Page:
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Melinda Gates: What she's learned - CSMonitor Sep 2019
In her work overseeing one of the world’s most influential philanthropic organizations, Melinda Gates has discovered what she considers a fundamental truth about development work: empowering women is the key to uplifting humanity.
philanthropy  feminism  poverty  women  CSMonitor  people  profile 
29 days ago by pierredv
Wildfires: Protecting the West’s ‘clean-air refugees’ | The Christian Science Monitor
Taking action on climate change can help people from feeling helpless. Out West, officials are fighting not just wildfires, but smoke. Dan Jaffe, a professor of environmental chemistry at UW Bothell, is quoted.
Jaffe.Dan  !UWitM  2019  natl  csmonitor  Climate.Change  UW:Bothell 
7 weeks ago by uwnews
Why Japan and South Korea are feuding | The Christian Science Monitor
As if one trade war weren’t enough. The play-by-play of Japan and South Korea’s dispute may seem hard to understand, let alone their motivations. But one thing it highlights is regional dynamics in flux – due, in part, to D.C. Don Hellmann, professor emeritus of international studies at the UW, is quoted.
csmonitor  !UWitM  2019  natl  Jackson.School.International.Studies  Hellmann.Donald 
9 weeks ago by uwnews
Chinese class comes to South Africa. How do you say 'No thanks'? - May 2019
"Learning another language can feel adventurous, or even liberating. But in South Africa, where generations of students were forced to study colonizers’ languages, new Mandarin classes have sparked debate. The country has 11 official languages of its own. Should schools focus on those first?"
CSMonitor  Chinese  language  South-Africa 
9 weeks ago by pierredv
How to save politically ‘mixed marriages’ in Trump era - The Christian Science Monitor Daily for July 8, 2019
"There was one person I interviewed who really embodied this, a young woman, and her father was a dear friend of mine. He died a very terrible death. He had five brothers and sisters, all of whom were progressives and she totally identified with these people. He had one brother who had moved to the South, converted to evangelical Christianity, and was in the military. Guess who was the only person who showed up to help her? And he left his wife and his five children far away and came. Not one of the progressives – she knew them well – lifted a finger. And this was not lost on her. "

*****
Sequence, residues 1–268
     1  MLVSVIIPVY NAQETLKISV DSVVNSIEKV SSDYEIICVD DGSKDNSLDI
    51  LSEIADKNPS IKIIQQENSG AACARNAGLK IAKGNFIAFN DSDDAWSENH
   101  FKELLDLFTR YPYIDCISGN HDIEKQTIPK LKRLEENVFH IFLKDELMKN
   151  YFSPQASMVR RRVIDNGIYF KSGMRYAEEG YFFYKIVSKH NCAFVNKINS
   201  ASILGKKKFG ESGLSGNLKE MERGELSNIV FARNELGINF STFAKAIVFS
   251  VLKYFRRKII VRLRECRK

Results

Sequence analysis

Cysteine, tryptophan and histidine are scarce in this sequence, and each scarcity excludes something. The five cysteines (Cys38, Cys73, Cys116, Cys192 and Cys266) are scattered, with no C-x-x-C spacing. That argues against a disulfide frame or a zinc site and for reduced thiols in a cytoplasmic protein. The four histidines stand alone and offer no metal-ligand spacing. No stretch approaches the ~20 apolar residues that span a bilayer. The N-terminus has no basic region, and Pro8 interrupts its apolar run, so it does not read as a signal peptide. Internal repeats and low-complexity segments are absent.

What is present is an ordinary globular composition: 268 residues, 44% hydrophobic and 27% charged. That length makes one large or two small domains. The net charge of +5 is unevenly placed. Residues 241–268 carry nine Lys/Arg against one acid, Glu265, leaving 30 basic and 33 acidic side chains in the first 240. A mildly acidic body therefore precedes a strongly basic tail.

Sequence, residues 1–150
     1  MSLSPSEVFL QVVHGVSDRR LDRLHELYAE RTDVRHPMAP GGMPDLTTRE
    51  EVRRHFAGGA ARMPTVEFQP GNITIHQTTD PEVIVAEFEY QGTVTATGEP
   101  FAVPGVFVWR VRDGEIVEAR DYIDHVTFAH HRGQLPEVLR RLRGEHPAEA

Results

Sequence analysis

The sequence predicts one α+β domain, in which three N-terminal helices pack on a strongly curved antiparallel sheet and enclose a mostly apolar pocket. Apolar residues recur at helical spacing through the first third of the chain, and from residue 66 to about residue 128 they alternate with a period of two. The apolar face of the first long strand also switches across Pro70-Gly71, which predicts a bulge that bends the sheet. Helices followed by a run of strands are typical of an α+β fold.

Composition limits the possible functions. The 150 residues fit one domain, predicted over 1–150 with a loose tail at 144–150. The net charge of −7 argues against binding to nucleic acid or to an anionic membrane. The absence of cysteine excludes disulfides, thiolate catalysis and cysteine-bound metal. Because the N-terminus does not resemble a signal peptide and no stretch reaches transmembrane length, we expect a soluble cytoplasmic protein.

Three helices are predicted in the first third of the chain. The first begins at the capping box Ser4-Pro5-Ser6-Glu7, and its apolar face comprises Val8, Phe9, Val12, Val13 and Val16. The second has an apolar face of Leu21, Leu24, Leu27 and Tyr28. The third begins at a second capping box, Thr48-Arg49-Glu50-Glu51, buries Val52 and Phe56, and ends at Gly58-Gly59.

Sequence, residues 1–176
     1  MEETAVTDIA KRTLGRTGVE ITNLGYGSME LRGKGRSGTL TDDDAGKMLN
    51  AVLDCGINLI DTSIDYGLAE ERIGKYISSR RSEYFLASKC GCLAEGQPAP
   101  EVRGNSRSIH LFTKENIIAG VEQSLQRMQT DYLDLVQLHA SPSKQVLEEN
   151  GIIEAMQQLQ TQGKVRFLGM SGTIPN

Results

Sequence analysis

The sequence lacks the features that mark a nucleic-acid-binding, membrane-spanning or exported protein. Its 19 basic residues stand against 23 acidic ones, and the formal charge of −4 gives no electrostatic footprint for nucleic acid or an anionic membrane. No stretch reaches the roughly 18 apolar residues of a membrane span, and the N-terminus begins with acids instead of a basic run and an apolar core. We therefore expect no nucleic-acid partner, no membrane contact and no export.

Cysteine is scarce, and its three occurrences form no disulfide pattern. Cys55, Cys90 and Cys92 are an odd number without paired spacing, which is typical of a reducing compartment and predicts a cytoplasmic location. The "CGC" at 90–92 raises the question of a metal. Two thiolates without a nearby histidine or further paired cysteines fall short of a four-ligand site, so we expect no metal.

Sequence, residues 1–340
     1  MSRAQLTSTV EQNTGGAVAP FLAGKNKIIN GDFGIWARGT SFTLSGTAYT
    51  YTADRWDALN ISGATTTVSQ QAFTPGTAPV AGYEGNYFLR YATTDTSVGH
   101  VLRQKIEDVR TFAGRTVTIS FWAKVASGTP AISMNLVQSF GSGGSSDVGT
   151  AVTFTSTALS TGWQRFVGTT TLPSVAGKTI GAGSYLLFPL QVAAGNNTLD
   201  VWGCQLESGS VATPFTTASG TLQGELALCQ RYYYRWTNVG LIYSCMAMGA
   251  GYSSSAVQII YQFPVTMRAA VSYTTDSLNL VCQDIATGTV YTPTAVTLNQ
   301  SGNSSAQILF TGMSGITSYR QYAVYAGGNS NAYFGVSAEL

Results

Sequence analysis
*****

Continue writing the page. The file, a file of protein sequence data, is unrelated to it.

CSMonitor  politics  love  stories  people  relationships 
july 2019 by pierredv
Whom does your DNA belong to? Hint, it’s not just you. - The Christian Science Monitor Daily for May 6, 2019
“When you make this individual choice to upload a genetic sample to a site, you’ve brought along everybody you’re directly related to, as well as potentially your current or future children and grandchildren, and presumably you have not asked any of those people for their consent.”
CSMonitor  biotech  genetics  genetic-testing  privacy 
may 2019 by pierredv
How the mythology of World War II shaped Brexit - The Christian Science Monitor Daily for March 28, 2019
"Inside the [Biggin Hill Memorial] museum, a retired police officer peers into a cabinet of medals, maps, and crockery. “This is why a lot of people voted to come away,” explains Robin, who didn’t want his surname used. “We would like to stand alone again. We’ve always been an island nation.”"

"But the mythmaking that connects the Battle of Britain to Brexit has a particular strain. In this narrative, Britain is forever battling alone, bereft of allies, against a dominant continental European power. And anyone who settles for less than victory is an appeaser on par with those of the 1930s, before Churchill led the nation to its “finest hour.”"

"In the hands of pro-Brexit politicians, myths of wartime derring-do fueled the 2016 referendum, which turned on ideas of sovereignty and EU overreach, as well as immigration and jobs."

“In many countries [the war is] recognized as a disaster and a cause of immense suffering. In Britain’s case it’s seen as a uniquely powerful moment of national success.”
CSMonitor  politics  mythology  Brexit  UK 
april 2019 by pierredv
Persecuted abroad, Uyghurs in US revive their culture | The Christian Science Monitor
Uyghur New Year celebrations are unlikely in China, where a government crackdown attempts to erase Uyghur identity. In a show of peaceful perseverance, some in the U.S. are sustaining their culture. Darren Byler, lecturer in anthropology at the UW, is quoted.
csmonitor  !UWitM  2019  natl  Byler.Darren  Department:Anthropology  College:Arts&Sciences 
april 2019 by uwnews
The deep roots of America’s rural-urban political divide - Dec 2018
"Perhaps the problem is that too many social and cultural aspects of personal identity are becoming aligned with politics and geography. Rural voters are predominantly white Christian Republicans. Urban voters tend to be minorities, or more-educated whites, and on the whole younger and Democratic."
CSMonitor  politics  US  culture  society 
april 2019 by pierredv
A 2-year-old couldn't walk on his own. So a high school robotics team built him a custom car - CNN
Via CSMonitor Daily, April 2, 2019